Anti-whaling activist Peter Bethune could be facing up to 15 years in prison over his boarding of a Japanese whaling ship.
Japan is laying five charges against the protester - the most serious for causing bodily injury.
Bethune's risked life and limb campaigning against Japan's whalers and that fight has seen him locked up in Tokyo for 20 days without charge.
"He is in the maximum security prison at the moment which houses murderers, rapists and people like that...but he is kept pretty much on his own," says his wife Sharyn Bethune.
"He has three meals a day of cabbage soup and rice and he says he is very very sick of cabbage."
But it's a diet Bethune may have months or even years to get used to as Tokyo's Coastguard presses serious charges against the sailor for boarding the Shonan Maru 2.
Prosecutors will formally indict him for trespass; carrying a knife (which prosecutors will say was found in his boot); damaging property (for cutting a guard net to board the vessel) and forcible obstruction of business despite the activities being for non-commercial "scientific whaling".
But most serious is the charge of causing injury which comes with a prison sentence of up to 15 years. The injuring charge relates to an incident three days before the powerboat Ady Gil and the whaler collided . Japan's coastguard alleges Bethune fired a rancid butter stink bomb which injured a crewman.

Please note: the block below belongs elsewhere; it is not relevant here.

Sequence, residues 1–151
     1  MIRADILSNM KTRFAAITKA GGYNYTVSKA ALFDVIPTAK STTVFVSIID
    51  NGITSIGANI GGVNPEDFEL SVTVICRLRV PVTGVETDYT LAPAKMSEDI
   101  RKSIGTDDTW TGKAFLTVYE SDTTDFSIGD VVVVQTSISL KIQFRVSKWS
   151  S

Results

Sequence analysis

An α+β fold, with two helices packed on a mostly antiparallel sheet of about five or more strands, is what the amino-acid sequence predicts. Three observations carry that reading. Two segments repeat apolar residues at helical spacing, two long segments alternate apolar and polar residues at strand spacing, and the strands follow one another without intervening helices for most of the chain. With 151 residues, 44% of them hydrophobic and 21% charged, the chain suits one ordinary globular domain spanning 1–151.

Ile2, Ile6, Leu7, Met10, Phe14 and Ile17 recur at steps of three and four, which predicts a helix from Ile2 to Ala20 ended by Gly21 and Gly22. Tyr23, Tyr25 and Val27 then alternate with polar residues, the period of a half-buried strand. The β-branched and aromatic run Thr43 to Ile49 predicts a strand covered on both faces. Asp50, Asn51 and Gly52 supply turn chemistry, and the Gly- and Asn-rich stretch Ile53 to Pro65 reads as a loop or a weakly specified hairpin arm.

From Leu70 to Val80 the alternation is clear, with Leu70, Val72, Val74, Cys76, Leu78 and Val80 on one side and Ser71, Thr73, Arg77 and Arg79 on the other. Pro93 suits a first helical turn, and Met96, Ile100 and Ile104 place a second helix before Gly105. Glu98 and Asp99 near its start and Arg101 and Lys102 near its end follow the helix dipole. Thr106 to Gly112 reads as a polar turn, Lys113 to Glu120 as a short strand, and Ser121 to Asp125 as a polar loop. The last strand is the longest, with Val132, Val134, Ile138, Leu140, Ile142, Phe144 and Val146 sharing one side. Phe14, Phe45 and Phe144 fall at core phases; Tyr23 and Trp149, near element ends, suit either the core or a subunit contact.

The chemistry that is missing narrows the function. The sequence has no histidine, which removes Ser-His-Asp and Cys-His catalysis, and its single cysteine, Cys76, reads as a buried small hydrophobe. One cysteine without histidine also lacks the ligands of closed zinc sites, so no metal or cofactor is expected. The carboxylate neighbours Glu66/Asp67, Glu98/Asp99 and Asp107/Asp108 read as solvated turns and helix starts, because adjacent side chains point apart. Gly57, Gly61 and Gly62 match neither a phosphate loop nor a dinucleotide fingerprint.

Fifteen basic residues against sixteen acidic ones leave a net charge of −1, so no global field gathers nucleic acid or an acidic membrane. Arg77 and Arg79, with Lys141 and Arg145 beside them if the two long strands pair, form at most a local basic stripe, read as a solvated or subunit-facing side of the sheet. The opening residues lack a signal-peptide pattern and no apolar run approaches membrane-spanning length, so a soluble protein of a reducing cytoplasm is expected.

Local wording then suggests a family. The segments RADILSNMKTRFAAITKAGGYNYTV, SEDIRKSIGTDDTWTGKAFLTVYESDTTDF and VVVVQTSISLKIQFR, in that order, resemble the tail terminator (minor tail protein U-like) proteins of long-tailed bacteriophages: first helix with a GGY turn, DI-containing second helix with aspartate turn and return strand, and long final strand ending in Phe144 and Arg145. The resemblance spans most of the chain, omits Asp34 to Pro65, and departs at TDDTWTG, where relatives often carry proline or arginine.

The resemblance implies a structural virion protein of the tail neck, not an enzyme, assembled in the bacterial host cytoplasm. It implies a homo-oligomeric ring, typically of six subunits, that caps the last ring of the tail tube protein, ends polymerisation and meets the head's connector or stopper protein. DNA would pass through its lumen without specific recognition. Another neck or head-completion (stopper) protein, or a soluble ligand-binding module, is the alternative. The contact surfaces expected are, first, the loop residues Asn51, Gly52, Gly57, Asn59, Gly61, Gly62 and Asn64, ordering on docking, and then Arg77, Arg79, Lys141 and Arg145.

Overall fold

Sea Shepherd claims the whaler hurt himself trying to shoot pepper spray at protesters.
"The one that they are trying to get him on is assault is the one he is definitely sure he did not commit -he did not assault anyone," says Sharyn.
And Bethune's father Don says "it's quite clear that they're trying to make an example out of him to discourage anybody else". And he says the New Zealand attitude is "somewhat gutless".
Don Bethune thinks his son would stand a better chance in court if the government had stood by him.
Foreign Minister Murray McCully says maritime officials are undertaking a thorough investigation and he says he will be very concerned at any unduly harsh charges laid against Bethune.
McCully says he is uneasy about the reports and the New Zealand government is yet to receive confirmation of the charges laid by Japanese authorities. He says Bethune is yet to appear in court and he's still waiting for confirmation from authorities as to the nature of the charges he is facing.
McCully says our government is unlikely to interfere in Japan's legal process.
Bethune's lawyer Dan Harris says it's potentially a very serious situation and a bad look for Japan. He says he is surprised the charges have been brought and could put Bethune behind bars for years.
Harris is calling the situation absurd, saying there is no foundation to the charges and Bethune will defend them vigourously.
Harris says he's disappointed with the Japanese government and it seems like a show, rather than a legitimate criminal trial. Harris says people should be unhappy with Japan's justice system as well as its whaling industry.
Meanwhile Bethune's wife is hoping for a speedy trial and hopefully deportation.